But subsidised instrumental lessons for all primary pupils do not go far enough, say leading musicians. Adi Bloom reports
All primary schoolchildren in England are to be offered subsidised music lessons, the Government has pledged in its new music manifesto.
Following a successful trial in 12 local authorities, the Department for Education and Skills has confirmed that it will step up its plans to provide every primary child with free or discounted instrumental lessons, as recommended by the Office for Standards in Education in March.
The DfES has also agreed to provide a new national scholarship award for the "exceptionally talented" in music. From September, 120 scholarships worth between pound;600 and pound;3,000 will be available for pupils aged eight to 16. Funding for these programmes is to come from the Music Standards Fund, established in 1999 following The TES's Music for the Millennium campaign. This provides a ringfenced sum of nearly pound;60 million a year for music in schools.
Most local authorities currently charge schools between pound;8 and pound;28 for a one-hour music lesson. They will now be able to tap into the Music Standards Fund to subsidise this cost.
Launching the manifesto this week, school standards minister David Miliband guaranteed that this funding would continue until 2008. He said: "Music can be magic. That magic needs to be felt in every school in the country. That is our aim."
Mr Miliband was speaking at a launch ceremony for the manifesto, held at the Abbey Road recording studios, made famous by the Beatles, in north London. The manifesto, drawn up by the DfES and the Department for Culture, Media and Sport, was backed by almost 70 signatories from the music industry, education and the voluntary sector.
It was also supported by chart-topping singer Jamelia, who entertained 300 delegates at the launch with her forthcoming single, See It In A Boy's Eyes.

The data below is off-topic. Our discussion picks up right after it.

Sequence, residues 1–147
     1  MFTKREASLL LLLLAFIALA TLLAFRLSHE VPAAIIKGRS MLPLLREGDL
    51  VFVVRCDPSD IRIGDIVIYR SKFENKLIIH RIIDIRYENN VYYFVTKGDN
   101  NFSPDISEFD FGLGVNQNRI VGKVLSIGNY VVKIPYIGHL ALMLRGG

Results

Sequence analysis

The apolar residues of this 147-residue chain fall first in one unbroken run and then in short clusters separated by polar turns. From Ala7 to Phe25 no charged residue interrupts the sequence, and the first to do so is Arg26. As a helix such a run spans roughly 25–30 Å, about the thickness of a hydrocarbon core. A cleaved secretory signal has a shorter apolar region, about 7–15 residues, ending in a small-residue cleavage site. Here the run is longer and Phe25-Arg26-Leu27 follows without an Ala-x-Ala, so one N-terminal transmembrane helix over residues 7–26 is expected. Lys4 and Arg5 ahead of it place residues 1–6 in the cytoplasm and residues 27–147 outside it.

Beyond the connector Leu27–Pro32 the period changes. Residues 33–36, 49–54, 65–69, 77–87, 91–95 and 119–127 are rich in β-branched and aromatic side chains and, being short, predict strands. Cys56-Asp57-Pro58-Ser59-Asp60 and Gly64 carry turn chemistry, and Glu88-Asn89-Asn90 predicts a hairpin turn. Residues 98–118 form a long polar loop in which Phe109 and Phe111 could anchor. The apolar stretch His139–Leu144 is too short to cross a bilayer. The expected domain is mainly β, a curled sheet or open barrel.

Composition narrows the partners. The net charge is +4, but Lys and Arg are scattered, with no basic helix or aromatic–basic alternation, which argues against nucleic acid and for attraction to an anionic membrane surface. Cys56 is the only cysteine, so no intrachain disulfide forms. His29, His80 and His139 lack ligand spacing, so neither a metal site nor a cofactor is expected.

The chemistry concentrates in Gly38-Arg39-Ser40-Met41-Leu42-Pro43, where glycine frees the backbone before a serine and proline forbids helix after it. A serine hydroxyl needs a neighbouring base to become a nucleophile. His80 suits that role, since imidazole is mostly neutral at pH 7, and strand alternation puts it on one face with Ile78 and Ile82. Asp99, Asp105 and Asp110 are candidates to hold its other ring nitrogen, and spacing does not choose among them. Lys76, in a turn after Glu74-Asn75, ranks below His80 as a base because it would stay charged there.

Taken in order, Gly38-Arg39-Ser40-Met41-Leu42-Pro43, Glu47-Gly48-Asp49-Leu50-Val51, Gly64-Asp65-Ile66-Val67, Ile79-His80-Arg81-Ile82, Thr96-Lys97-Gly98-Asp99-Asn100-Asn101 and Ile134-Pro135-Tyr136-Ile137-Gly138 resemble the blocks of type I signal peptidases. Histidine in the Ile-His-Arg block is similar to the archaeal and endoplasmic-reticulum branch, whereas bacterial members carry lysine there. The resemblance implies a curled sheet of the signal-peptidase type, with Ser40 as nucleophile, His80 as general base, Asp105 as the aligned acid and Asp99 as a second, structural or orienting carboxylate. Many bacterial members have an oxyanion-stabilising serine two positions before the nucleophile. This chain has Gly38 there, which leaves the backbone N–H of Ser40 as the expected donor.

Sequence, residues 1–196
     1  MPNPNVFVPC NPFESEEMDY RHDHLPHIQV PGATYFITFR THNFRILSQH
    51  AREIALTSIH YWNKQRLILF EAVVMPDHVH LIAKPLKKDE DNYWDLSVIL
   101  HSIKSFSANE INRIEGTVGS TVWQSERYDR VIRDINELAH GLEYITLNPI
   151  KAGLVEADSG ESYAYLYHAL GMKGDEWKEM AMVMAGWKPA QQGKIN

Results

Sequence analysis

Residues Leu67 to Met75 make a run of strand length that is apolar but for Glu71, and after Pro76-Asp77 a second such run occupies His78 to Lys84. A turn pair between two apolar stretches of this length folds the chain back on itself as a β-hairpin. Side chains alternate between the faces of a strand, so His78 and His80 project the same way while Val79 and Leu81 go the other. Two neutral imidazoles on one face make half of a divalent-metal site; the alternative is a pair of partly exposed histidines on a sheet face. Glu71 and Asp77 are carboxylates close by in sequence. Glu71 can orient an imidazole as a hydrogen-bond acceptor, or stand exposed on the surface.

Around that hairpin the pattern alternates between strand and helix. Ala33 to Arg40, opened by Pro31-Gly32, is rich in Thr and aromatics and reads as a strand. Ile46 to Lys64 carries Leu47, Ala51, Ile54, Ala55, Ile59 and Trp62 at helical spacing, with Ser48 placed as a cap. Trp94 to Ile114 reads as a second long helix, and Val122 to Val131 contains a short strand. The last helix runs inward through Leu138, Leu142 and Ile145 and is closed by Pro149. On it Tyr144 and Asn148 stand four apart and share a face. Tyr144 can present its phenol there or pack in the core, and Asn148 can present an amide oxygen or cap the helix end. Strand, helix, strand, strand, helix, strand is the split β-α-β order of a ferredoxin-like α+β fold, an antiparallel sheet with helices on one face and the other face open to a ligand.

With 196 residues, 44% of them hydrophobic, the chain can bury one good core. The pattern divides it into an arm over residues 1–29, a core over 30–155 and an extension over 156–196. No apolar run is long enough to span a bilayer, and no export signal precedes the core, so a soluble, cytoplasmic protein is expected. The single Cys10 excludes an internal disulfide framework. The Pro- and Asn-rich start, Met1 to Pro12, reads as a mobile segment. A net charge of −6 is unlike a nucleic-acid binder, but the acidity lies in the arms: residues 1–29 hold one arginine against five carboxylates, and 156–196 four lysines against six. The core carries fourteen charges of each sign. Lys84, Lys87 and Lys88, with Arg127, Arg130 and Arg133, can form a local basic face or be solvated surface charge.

Jamelia's performance was sandwiched by contributions from school ensembles. And the event was punctuated by appearances from notable ghosts of pop past. Feargal Sharkey, punk-pop star of the 1980s, compered the proceedings. And George Martin, veteran producer of the Beatles, spoke of his first experience of a symphony orchestra, at the age of 14. He said:
"Music has a stabilising, calming effect. It stimulates the intellect and affects the emotions. Even if the manifesto doesn't immediately achieve all that we are looking for, I welcome the fresh approach."
In fact, a number of leading musicians have claimed that the manifesto is unlikely to achieve much, stating that it offers nothing more than a series of hollow promises. Cellist Julian Lloyd-Webber has called on the Government to provide 10 to 20 minutes of music in primaries every day.
And percussionist Evelyn Glennie said: "The Government has pulled away from giving solid commitment to the alteration of the curriculum, or providing real funds, so that every child can play an instrument without paying for it. It has spent 18 months saying that it will improve things, but delivering very little."
Shadow arts minister Boris Johnson also dismissed the manifesto. He said:
"This is a document of Wagnerian length, with more hot air than the wind section of the London Philharmonic."